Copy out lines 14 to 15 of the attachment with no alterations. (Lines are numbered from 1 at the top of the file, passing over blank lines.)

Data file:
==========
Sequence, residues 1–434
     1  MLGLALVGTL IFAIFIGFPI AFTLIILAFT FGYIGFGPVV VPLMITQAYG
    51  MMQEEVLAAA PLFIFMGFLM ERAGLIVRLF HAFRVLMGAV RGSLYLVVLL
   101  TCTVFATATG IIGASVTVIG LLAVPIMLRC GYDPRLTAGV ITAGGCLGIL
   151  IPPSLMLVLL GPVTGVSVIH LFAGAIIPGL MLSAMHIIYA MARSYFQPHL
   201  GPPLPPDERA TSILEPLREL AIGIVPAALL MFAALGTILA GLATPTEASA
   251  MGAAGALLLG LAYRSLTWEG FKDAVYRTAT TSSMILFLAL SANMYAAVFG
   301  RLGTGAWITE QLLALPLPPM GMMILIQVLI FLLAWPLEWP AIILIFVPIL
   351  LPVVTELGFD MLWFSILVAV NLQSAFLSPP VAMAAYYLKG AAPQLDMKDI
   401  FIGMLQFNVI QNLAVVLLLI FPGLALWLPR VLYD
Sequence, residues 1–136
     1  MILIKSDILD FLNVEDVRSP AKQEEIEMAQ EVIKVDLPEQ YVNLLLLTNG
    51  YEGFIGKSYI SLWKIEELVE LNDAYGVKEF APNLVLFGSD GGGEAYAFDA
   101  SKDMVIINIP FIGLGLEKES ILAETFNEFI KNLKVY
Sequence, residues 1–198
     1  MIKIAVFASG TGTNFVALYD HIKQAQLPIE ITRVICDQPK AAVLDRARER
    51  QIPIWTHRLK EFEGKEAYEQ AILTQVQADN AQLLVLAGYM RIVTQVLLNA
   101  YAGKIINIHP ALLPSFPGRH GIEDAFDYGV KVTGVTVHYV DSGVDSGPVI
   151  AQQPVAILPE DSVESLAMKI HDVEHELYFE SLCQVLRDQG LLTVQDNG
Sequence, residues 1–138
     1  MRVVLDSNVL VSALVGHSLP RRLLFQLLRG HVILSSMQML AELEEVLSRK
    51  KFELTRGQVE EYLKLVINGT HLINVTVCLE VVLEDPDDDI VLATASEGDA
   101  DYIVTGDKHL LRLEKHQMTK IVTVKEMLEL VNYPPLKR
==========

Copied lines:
   101  SKDMVIINIP FIGLGLEKES ILAETFNEFI KNLKVY
Sequence, residues 1–198